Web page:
Moral Mondays in Memphis is inspired by Dr. King’s work on behalf of poor people and the work of the New Poor People's Campaign being organized nationally by Repairers of the Breach. Spearheaded by the Museum’s National MLK50 Clergy Executive Committee, Moral Mondays is a three-part series of clergy-led gatherings featuring distinguished speakers and guided table talks on social justice issues. All as we prepare to commemorate the 50th anniversary of the Rev. Dr. Martin Luther King, Jr. in our city.
“The intent of Moral Mondays is coming together to explore the deep connections between shared religious faith traditions and the moral values of justice, fairness and the elimination of poverty, racism and extreme militarism,” said Dr. Alvin O’Neal Jackson, Chair of the Museum’s National MLK50 Clergy Executive Committee.
MORAL MONDAYS IN MEMPHIber 16, 2017, with featured distinguished speakers, the Reverend Dr. William Barber II, Pastor of Greenleaf Christian Church in Goldsboro, North Carolina; President and Senior Lecturer of Repairers of the Breach; and architect of Moral Mondays in North Carolina.
5:30 P.M. Gathering Reception
6:30 P.M. Worship led by Rabbi Micah Greenstein, Rev. Traci Blackmon, guest preacher
7:10 P.M. Living the Legacy Today Panel sponsored by Yale Divinity School
Moral Mondays in Memphis is inspired by Dr. King’s workand aims to build support for the Poor People's Campaign: A National Call for Moral Revival, which was launched earlier this month by Repairers of the Breach.
Guest speaker, Rev. Traci Blackmon, is the Executive Minister of Justice & Witness Ministries of The United Church of Christ and Senior Pastor of Christ The King United Church of Christ in Florissant, MO.
Initially ordained in the African Methodist Episcopal Church, Rev. Blackmon served in various ministry capacities for nine years prior to becoming ordained in the United Church of Christ and installed as the first woman and 18th pastor in the 159-year history of Christ The King United Church of Christ. A registered nurse with more than 25 years of healthcare experience, Rev. Blackmon's clinical focus was cardiac care. In later years, her focus shifted to mobile healthcare in underserved communities, with the greatest health disparities being in her region. She earned a Bachelor of Science degree in Nursing from Birmingham - Southern College (1985), and a Master of Divinity degree from Eden Theological Seminary (2009).
As pastor, Rev. Blackmon leads Christ The King in an expanded understanding of church as a sacred launching pad of community engagement and change. This ethos has led to a tripling of both membership and worship attendance over the last seven years, expanding membership engagement opportunities, and the establishment of community outreach programs. A featured voice with many regional, national, and international media outlets and a frequent contributor to print publications, Rev. Blackmon's communal leadership and work in the aftermath of the killing of Michael Brown, Jr., in Ferguson, MO, has gained her both national and international recognition and audiences from the White House to the Vatican.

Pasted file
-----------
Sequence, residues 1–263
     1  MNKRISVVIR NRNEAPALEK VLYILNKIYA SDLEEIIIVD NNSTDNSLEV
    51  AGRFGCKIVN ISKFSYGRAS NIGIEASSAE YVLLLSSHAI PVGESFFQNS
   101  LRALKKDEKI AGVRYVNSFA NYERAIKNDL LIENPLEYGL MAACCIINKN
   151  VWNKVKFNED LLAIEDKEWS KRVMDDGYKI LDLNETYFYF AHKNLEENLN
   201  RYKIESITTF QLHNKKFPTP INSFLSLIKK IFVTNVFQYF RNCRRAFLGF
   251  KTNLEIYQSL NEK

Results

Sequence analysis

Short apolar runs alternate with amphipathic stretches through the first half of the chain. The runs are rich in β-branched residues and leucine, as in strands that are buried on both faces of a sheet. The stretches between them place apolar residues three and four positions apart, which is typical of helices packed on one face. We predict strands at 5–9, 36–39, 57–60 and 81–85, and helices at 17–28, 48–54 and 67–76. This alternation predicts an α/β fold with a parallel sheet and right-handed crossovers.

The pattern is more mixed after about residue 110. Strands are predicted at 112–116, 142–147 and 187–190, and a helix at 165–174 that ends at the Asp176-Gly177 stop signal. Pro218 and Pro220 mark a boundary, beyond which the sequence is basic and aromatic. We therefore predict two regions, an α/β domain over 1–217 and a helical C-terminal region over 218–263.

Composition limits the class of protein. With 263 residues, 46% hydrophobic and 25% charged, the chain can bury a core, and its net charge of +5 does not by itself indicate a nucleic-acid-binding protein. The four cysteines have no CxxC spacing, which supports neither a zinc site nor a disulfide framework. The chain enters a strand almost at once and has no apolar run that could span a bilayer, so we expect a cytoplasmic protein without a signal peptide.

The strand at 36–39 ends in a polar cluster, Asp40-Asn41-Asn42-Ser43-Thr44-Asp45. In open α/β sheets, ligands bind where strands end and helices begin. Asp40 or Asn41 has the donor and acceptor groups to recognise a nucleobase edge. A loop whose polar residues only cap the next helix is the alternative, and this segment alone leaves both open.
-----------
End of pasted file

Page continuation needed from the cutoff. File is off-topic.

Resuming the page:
A featured voice with many regional, national, and international media outlets and a frequent contributor to print publications, Rev. Blackmon's communal leadership and work in the aftermath of the killing of Michael Brown, Jr., in Ferguson, MO, has gained her both national and international recognition and audiences from the White House to the Carter Center to the Vatican. Rev. Blackmon toured the nation with Rev. Dr. William Barber of Moral Mondays and Repairer of the Breech, Rev. Dr. James Forbes of The Drum Major Institute and Pastor Emeritus of The Riverside Church in New York, and Sister Simone Campbell of Nuns on the Bus, proclaiming the need for a Moral Revival in this nation.
Fifty years after the assassination of Martin Luther King, Jr., progress on civil rights often seems stalled, and the “dream” of the late civil rights leader as distant as ever. How can people of faith and good conscience make this anniversary more than “just a commemoration?” How can people from different backgrounds and origins unite around a moral center that strives for justice addressing the issues of poverty and race? Join faith leaders, activists, academics, and the Moral Mondays community of Memphis for this vital conversation moderated by Jonathan Judaken, Professor, Rhodes College.
Traci Blackmon, Executive Minister of Justice & Witness Ministries, United Church of Christ
Gerald Durley, Senior Pastor Emeritus, Providence Missionary Baptist Church in Atlanta
Katie Bauman, Associate Rabbi of Temple Israel in Memphis
Eboni Marshall Turman, Assistant Professor of Theology and African American Religion, Yale University Divinity School
One of the things Dr. King was doing hours before his assassination and before walking out on the balcony of Room 306 was working on a sermon for the coming Sunday. The sermon was titled: “Why America May Go To Hell.” Dr. King wrote in his notes, “America may go to hell if she doesn’t use her wealth and vast resources to end poverty and make it possible for all of God’s children to have the basic necessities of life.”
The National Civil Rights Museum is very pleased to offer this worship planning resource for ministers, musicians and worship planners as a part of the 50th anniversary commemoration of the Reverend Dr. Martin Luther King Jr.’s assassination.
It is in the spirit of Dr. King, the preacher who was always able to explore the deep connections of our faith traditions to the issues of poverty, health care, quality of life, education, justice and nonviolence that we offer this resource. The Social Justice Lenten Lectionary is comprehensive, 69-page document with worship and music resources for February 18 through April 1, 2018.
Click here for the social justice lectionary